The BBC have made a series of short films, #CEOSecrets, in which they ask Business leaders a very simple question: “What is the advice you wish you’d had when you started out?”
The three most frequently given answers were
a) surround yourself with the right people,
b) network all the time, and
c) get on with it!
The third is certainly true, but a bit trite so I won’t comment on that.
If you’ve known me for a while you will know how important I think networking is. People who are out of work often find it difficult to network if they haven’t been active networkers during their career, because they haven’t accumulated much social capital, and this makes it difficult to ask for help. That’s why I always encourage clients to make time to network when they are in work instead of burying themselves completely in the new job. Networking is part of working. It’s how we become effective at work and is not simply done for personal benefit. If you don’t network you’re not doing your job properly.
The first point also interests me very much. Of the senior business leaders and business owners I have met, the smart ones are those who openly admit to not knowing everything and who have carefully recruited people with complementary skills to run the show for them. One even happily talks about bringing in much cleverer people than himself. These people claim not to be smart, but actually they are the smartest. Maybe not in terms of IQ, but certainly in terms of EQ. In fact I’d argue that emotional intelligence is far more important for a business leader than IQ.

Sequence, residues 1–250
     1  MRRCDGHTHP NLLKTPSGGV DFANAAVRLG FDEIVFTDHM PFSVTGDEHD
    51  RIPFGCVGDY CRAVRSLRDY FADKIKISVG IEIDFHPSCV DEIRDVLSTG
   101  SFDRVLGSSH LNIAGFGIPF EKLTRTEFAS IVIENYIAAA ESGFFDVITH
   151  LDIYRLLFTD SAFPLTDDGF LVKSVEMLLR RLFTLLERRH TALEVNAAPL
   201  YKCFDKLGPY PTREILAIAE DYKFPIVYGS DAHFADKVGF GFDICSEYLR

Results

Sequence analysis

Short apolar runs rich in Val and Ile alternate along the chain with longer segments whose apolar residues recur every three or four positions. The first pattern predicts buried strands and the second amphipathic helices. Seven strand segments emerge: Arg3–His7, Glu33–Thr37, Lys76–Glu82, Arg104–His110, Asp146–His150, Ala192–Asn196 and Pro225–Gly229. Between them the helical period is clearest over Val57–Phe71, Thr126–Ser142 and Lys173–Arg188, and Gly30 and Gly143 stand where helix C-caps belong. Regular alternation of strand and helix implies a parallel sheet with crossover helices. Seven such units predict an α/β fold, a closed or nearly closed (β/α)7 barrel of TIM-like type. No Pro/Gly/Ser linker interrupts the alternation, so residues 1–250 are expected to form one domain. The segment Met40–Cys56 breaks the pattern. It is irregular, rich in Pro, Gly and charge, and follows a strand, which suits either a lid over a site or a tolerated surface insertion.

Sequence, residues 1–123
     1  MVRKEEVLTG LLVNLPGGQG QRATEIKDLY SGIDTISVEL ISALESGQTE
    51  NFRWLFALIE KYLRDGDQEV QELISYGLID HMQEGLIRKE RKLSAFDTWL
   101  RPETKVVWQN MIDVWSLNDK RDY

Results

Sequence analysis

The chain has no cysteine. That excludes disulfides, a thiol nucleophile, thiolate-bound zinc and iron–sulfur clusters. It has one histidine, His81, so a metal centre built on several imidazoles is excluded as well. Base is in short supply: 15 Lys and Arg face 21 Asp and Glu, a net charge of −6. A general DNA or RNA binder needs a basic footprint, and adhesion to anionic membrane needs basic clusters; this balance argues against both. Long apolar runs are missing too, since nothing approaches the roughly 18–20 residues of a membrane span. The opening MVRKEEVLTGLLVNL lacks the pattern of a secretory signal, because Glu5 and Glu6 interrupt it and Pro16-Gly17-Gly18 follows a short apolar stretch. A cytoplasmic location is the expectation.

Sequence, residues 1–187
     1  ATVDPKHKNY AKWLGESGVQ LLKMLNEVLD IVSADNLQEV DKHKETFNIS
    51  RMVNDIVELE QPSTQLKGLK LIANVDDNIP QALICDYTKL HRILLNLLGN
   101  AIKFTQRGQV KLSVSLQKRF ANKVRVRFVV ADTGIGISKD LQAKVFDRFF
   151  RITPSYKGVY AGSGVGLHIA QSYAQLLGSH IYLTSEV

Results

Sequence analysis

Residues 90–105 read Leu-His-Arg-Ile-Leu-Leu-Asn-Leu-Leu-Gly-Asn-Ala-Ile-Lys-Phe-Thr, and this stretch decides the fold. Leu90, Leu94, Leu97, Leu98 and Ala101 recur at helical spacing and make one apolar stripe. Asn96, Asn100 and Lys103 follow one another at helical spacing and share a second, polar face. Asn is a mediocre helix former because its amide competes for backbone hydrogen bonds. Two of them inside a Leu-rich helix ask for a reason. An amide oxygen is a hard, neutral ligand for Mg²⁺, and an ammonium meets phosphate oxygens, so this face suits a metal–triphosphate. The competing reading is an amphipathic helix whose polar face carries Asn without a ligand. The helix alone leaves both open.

Contrast those leaders with entrepreneurs and senior managers who are either so insecure that they recruit people who will make them look clever, or are such control freaks that they do everything themselves. Either way the organisation will suffer.
Is it easy to be a “smart” leader as I have described? No, is the short answer. It takes self-awareness, humility and confidence.
- Self-awareness to understand where the gaps lie between the capability you have and the capability the organisation needs.
- Humility to know that it’s impossible to build a substantially sized business on your own.
- Confidence to know that by doing all this you are not going to be considered a talentless waste of space but instead a leader of talent.
Interestingly for me as a counsellor as well as career coach, humility and confidence grow out of self-awareness. When people understand themselves to a level at which they can acknowledge and accept their weaknesses, humility follows, and then so does personal confidence. Not only that, but of course knowing your weaknesses is the first step on the journey of managing them.
All of which ties up with another of the pieces of advice given by the CEOs questioned by the BBC: Learn from your mistakes.